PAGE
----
The model, actress, celebrity influencer and entrepreneur has sparked both praise and furor with the provocative display of her body, which could be interpreted as unapologetic sign of feminist empowerment or a marketing ploy. Here she charts the evolution in her thinking about our culture's commodification of women, drawing on her own experiences.
My Body is well written, introspective, and deep. It offers an interesting lens through which to view a toxic industry, although Ratajkowski does not hesitate to admit her role in accepting the bad behavior. She excels in pushing the reader to open their eyes to a complicated balance between recognizing sexist treatment and using it to one’s advantage. I found Ratajkowski’s unpacking of her complex relationship with her body really interesting, and she brought up points I never would have considered if not for this book.
What an impossible task Emily Ratajkowski gave herself—it’s admirable, really, her efforts to better understand the arcane, patriarchal, racist, capitalistic measurements of physical beauty that have allowed her to be famous and successful and rich ... Honestly, the whole book is pretty depressing, a constant push-pull between Ratajkowski’s self-awareness and the greater forces that commodified her ... Ratajkowski’s clean, clear writing does what you want it to do; it wrestles with what it means to be conventionally attractive ... Where Ratajkowski fails is in thinking more critically about her place in the world, in the continuum of women feeling bad about their bodies, being discriminated against for their bodies, being abused and assaulted for their bodies. There seems to be almost no recognition in her writing that her body is held up as a standard — not necessarily by her, but by other people intent on maintaining the beauty status quo — used to shame people who don’t look like her ... The thing that she’s trying to understand in a more holistic, intersectional way is the very thing that has given her a good, comfortable life. I don’t begrudge her those moments of low self-esteem or the individuals in her life who seem to think she’s nothing but a body, but when taken in the larger context of fat-shaming and body discrimination, hers is an unfulfilling tale ... My Body doesn’t give us any way to move forward, any idea what to do with our punishing self-hatred or the way men profit from women’s beauty ... People are entitled to look however they want, Ratajkowski included, even if her body sometimes makes me feel bad about my own. That’s not her fault, per se — but she is an active participant in a system that raises her up and makes me hate jean shopping. That dichotomy is missing from her reflections ... My Body doesn’t cut as deep as I want, but it cuts all the same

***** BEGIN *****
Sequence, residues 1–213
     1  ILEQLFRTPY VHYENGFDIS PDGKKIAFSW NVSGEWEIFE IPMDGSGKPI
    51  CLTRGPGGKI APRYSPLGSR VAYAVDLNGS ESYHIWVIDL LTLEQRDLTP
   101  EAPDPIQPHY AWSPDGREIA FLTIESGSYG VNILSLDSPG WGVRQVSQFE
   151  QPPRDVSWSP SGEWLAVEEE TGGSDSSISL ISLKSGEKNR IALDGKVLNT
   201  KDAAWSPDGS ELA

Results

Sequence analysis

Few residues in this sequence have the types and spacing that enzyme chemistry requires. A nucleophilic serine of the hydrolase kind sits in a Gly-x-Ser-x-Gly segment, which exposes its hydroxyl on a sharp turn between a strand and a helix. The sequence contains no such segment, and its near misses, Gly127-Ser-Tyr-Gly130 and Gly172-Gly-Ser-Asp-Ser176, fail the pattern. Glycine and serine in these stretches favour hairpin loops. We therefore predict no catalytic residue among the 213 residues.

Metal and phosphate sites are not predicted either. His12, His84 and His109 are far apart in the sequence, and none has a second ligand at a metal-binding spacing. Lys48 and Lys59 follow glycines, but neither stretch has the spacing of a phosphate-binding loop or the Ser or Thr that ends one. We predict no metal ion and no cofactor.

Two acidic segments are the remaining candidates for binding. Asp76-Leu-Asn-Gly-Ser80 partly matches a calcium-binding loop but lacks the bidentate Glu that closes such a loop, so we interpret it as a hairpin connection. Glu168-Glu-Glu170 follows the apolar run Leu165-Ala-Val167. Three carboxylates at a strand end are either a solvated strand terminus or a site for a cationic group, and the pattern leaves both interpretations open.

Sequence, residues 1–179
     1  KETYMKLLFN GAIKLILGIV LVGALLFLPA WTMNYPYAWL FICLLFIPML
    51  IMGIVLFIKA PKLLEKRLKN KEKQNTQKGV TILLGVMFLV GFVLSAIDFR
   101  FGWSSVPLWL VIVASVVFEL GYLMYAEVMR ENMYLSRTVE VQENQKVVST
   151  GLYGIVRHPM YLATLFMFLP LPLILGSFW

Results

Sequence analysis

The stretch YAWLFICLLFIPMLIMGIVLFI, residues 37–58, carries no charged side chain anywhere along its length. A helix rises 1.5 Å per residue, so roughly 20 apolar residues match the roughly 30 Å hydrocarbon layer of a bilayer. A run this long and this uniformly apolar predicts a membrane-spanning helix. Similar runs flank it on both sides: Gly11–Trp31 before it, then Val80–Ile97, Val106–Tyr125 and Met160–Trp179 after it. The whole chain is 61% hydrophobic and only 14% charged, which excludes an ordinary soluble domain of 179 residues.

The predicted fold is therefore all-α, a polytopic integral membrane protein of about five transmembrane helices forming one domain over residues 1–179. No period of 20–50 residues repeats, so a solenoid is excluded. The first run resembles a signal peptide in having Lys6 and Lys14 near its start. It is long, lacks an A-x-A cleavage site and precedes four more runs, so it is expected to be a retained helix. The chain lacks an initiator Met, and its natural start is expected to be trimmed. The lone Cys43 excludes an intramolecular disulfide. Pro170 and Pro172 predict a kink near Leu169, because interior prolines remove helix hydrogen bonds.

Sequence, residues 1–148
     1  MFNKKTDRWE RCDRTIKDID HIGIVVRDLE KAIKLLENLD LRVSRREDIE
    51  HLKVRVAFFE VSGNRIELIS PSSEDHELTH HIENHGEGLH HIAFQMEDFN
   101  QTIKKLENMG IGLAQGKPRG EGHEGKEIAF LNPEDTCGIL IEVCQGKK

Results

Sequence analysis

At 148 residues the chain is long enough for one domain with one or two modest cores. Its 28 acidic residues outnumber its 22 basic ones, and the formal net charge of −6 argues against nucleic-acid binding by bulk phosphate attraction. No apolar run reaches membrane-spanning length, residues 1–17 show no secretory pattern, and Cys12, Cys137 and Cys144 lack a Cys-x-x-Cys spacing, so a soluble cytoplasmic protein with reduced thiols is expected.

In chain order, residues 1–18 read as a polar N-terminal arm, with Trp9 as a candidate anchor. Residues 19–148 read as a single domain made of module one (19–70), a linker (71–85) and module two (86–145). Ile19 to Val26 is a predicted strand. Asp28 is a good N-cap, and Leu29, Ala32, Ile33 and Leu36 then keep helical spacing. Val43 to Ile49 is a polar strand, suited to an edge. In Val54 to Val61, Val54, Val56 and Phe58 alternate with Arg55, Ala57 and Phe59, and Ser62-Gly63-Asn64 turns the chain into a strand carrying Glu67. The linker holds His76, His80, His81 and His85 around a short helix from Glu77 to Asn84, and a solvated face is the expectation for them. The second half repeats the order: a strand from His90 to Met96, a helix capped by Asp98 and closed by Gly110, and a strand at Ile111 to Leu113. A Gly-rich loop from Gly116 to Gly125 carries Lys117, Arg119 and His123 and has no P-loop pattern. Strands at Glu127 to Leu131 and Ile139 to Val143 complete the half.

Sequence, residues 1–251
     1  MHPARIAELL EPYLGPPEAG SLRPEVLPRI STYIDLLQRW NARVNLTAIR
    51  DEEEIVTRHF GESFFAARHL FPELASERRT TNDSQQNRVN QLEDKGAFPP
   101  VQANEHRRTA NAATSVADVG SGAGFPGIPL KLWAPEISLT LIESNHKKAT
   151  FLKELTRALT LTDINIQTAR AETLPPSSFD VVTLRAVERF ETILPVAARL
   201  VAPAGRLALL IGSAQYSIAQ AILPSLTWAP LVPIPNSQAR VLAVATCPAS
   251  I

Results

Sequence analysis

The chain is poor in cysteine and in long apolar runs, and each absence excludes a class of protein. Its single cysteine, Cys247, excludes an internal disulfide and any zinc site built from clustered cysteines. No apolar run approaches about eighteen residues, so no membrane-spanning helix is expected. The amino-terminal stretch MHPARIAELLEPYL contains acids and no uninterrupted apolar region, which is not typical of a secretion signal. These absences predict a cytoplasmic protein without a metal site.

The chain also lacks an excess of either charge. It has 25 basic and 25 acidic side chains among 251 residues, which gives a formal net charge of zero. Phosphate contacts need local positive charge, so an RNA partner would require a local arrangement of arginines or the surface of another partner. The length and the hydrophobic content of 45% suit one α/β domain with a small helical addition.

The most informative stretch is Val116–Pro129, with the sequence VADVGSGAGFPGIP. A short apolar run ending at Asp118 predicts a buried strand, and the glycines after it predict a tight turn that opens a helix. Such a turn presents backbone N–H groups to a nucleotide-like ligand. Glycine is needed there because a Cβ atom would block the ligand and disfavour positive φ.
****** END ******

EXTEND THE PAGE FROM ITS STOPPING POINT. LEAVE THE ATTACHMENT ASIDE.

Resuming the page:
'Buying Myself Back'...is the strongest of the 11 collected here, which are serious, personal, repetitive and myopic ... ambiguity is present in these essays, often frustratingly so. Part of the problem is that Ratajkowski’s conception of herself is at odds with the reality she describes, which is a sincere but exasperating kind of celebrity dysmorphia ...There are moments of courageous self-disclosure in My Body, and passages that made me laugh ... The essay about 'Blurred Lines' is the one that most clearly captures the perplexing nature of Ratajkowski’s position. She’s thoughtful and skeptical, and has been treated wretchedly over the course of her career; she grapples intently with her sense of victimization at the hands of those who would use her body to sell their products. It seems strange, then, that her empowerment should arrive in the form of doing exactly that, albeit on her own terms and with her own products ... That, it seems to me, is the unsolvable moral question at the heart of this book.